UN recognises Ghana’s birth registration app
Child and maternal health’s a healthcare priority for most African nations. Although many have made tremendous strides in reducing the mortality rates for moms and babies, thousands still die every year due to preventable conditions.
A new initiative’s underway in Ghana. Tigo, UNICEF Ghana and the country’s Births and Deaths Registry (BDR). They were recognised at the recent 71st annual session of the United Nations (UN) General Assembly for their innovative mHealth application to make birth registration of children smart, quick and reliable. An article in IT NEWS Africa says the app was featured in a video presented to the Every Woman Every Child event on the margins of the session.
Every Woman Every Child’s a global movement mobilising and intensifying international and national action by governments, the UN, multi-laterals, the private sector and civil society to address the main health challenges facing women, children and adolescents. It puts into action the Global Strategy for Women’s, Children’s and Adolescents’ Health, a roadmap on ending all preventable deaths of women, children and adolescents in a generation.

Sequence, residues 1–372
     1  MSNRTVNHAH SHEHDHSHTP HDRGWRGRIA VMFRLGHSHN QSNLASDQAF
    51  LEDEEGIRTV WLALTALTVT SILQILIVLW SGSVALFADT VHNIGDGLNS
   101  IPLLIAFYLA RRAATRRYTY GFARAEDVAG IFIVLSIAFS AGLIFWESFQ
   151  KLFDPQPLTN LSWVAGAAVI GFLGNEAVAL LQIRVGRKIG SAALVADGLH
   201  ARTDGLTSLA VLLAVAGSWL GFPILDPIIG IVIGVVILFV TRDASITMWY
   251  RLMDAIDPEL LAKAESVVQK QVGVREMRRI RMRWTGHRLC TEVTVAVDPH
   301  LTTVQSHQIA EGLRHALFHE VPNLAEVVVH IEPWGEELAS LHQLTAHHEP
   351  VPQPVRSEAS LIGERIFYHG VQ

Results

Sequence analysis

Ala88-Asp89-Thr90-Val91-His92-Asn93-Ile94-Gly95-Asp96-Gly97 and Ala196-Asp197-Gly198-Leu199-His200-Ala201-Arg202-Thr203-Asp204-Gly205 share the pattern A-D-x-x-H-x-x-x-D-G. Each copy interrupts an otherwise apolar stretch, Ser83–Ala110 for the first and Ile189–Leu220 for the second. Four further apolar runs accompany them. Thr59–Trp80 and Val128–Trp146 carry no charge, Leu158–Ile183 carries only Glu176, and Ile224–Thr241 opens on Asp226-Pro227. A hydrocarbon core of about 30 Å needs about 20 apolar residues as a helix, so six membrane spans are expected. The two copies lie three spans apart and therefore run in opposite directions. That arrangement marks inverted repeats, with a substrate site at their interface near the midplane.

Ghana’s President, John Dramani Mahama, was there. He said “Lack of birth registration prevents us from knowing how many kids to register for school, vaccines, and quick dissemination of health information through mobile apps will reach more people in more areas, especially women. We can empower people widely by giving them access to education and resources, human development opportunities for all. We can do more to end hunger. Especially with mobile innovation that will push attainment of Sustainable Development Goals.”
Tigo’s Chief Executive Officer, Roshi Motman was there too. After the event, he said. “We are passionate about improving lives in communities in which we operate through the use of technology which is why we embraced the opportunity to collaborate with UNICEF on this initiative. We are excited about the impact this innovation will have in communities across Ghana especially in areas which are hard to reach.”
The automated birth registration system is an Android App customised for the Tigo Network. It operates offline and online, critical for rural communities where connectivity is challenging. Tablets use the app to collect data, such as children’s names, genders, dates of birth and other family details. They’re sent to the BDR’s central database.
Then, it’s stored and an automated response sent to the BD’'s local official, confirming that a certificate can be issued. Data collected though the paper-based system took up to six months to complete registrations in the central system. The mHealth app does it in less than two minutes.
At the end of the one year pilot, over 670,800 new births will be register on the new system. It’ll help to increase Ghana’s birth registration rate to 75%, up from 65%. It’s a big step in the right direction. The data provides critical insights into healthcare in the country, allowing officials to track and support moms and babies better.